In a statement released today, Valve admitted to making a big mistake by canceling the first Major of the 2021-2022 Season.
In a refreshingly honest admission, the game publisher detailed the issues that caused their original cancellation decision. After they heard the fierce backlash from the Dota 2 community, they immediately took corrective action. The details of their most recent announcement are as follows:
A little over a week ago, we announced the cancellation of the first Major of the DPC 2021-2022 Season. When we did so, we didn’t present an alternative solution that would address the absence of prize pool and DPC points.
When it became clear that scheduling a LAN with the proper requirements wouldn’t be possible within schedule, we didn’t feel confident that any alternative would have a positive outcome: Delaying the major to a much later date would make it unfair for players from teams who change rosters between now and then. Running a global online tournament would result in matches where the high latency among far-away regions would have a substantial impact on the quality of the matches, affecting the competitive integrity of those games. Replacing it with regional or bi-regional tournaments would eliminate the cross-regional play that lets teams from deeper regions earn more points towards International qualification. In particular, Bi-regional tournaments can result in situations where an above-average region is punished because they were paired with another strong region, and a weak region is benefited by being paired with another weak region.
We quickly realized though listening to feedback from teams and fans that our priorities were wrong and we were not successful at being mindful of players participating in the DPC. This was a big mistake on our part. We are sorry and we are set on making it right.
We held multiple discussions with Teams and Tournament Organizers, to understand what was possible to execute and what made the most sense for everyone. While it became clear to everyone involved that there was no perfect solution that would address every issue, we decided to move forward with running six Regional Finals tournaments.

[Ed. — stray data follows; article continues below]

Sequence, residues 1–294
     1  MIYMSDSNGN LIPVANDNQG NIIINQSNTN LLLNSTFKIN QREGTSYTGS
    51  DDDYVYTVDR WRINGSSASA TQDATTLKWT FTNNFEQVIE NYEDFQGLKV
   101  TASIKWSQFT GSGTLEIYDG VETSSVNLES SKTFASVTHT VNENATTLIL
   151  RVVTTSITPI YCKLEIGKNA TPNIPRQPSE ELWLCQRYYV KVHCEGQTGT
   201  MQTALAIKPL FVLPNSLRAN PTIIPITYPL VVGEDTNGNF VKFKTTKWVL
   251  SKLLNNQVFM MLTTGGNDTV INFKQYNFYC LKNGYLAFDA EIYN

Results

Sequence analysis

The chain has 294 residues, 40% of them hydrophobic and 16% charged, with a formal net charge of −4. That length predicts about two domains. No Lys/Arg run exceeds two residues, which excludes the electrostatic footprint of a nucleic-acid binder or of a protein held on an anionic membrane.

The DPC 2021-2022 Regional Finals will take place over two weekends, with three regions playing on February 11-13, and the other three playing on February 18-20. The top 4 from each region will compete in a double-elimination tournament with a $100,000 USD prize pool.
The regional schedule is as follows:
- Feb 11-13, 2022: WEU, SEA, SA
- Feb 18-20, 2022: CN, EEU, NA
Each Regional Finals placement will be awarded the following:
- 1st place: $50,000 USD + 250 DPC points
- 2nd place $25,000 USD + 130 DPC points
- 3rd place: $15,000 USD
- 4th place: $10,000 USD
More details will be made available through each Region’s Tournament Organizer.
Since this would still create a situation where each region earned the same number of points towards TI qualification, we’re revisiting The International 11 Qualifiers format to offset that bias as follows:
- The TI Qualifiers will be played as originally planned, with the top team from each region qualifying to TI
- Second and third place from each region’s qualifiers will then compete in a LAN event shortly afterward, prior to The International
- Out of those 12 teams, first and second place will qualify to The International 11.
As there are more teams qualifying for The International this season, The International 11 will feature 20 teams (two groups of 10) during the group stage. Four teams will be eliminated, and Main event will carry on as it has in past Internationals.
These changes, which will be unique to the 2021-2022 season, will help to balance out the qualification in light of the potential DPC point discrepancy created by the absence of the first Major. We expect the rest of the year to go as planned and will be announcing information on the second and third Major in a few weeks. Additionally, Patch 7.31 will be released soon after the Regional Finals end